Today, those of us that care about the future of education, care about the ethos that our universities run under and care about justice, need to join our lecturers on the picket line. Today, let's jointly raise our voices and demonstrate where the true power lies on our campuses.
Employers who do not pay at least the Living Wage, especially those who are turning a decent profit, need to wake up to the growing public outrage that so many among our workforce are expected to exist on poverty pay.
How will we attract more people into teaching, when they will be treated so poorly and fragrantly ignored by their Secretary of State? How can we expect a good education for future children when teachers are so overworked and underpaid? ... We should be supporting them in their struggle for fairer treatment and a better education system for all.
Men play faster, they play for longer, they are the better tennis players. But is that what we are compensating? Prize money is a reward, not a salary... Travel, coaching and equipment all cost the same regardless of gender, hotel rooms and plane tickets are no cheaper for women.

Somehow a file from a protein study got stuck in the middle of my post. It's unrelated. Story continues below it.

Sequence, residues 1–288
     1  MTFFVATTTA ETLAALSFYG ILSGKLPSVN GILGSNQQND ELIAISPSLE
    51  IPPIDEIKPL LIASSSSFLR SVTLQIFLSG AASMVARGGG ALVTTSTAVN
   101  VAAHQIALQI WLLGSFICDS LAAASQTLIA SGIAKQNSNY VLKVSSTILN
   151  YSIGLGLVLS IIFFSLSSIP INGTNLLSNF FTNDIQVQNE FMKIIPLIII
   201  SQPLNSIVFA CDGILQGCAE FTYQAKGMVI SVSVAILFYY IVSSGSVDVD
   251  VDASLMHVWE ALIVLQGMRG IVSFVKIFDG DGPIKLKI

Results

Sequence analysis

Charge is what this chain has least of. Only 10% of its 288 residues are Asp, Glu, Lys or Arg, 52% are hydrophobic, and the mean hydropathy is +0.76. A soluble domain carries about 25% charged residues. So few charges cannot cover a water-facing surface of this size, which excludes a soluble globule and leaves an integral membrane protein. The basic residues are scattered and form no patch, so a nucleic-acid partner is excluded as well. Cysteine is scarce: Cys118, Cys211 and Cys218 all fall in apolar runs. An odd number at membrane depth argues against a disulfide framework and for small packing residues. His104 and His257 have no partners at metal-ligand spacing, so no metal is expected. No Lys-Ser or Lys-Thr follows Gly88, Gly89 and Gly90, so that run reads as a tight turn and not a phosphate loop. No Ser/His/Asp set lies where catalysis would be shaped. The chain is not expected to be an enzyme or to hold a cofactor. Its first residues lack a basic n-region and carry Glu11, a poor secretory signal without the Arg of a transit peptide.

We need to tackle poverty pay, with higher wages in sectors that can well afford to pay more, as well as more employers paying a living wage... Unless we take action, this pay gap will only grow, and only those right at the top will benefit from the recovery.
The furore over the executive pay levels of senior Co-op employees hits those of us who believe in mutuality hard. We are Co-op members because we believe it does things differently. We must now wake up to what happens in the organisations we own.
We can bemoan the privatisation agenda all we like, but it exists nonetheless, and I'd rather spend my time supporting students to work with other workers and unions to negotiate better conditions, including a living wage.
I'm fighting jet lag after returning from touring Australia, though still can't wait for my gig on Tuesday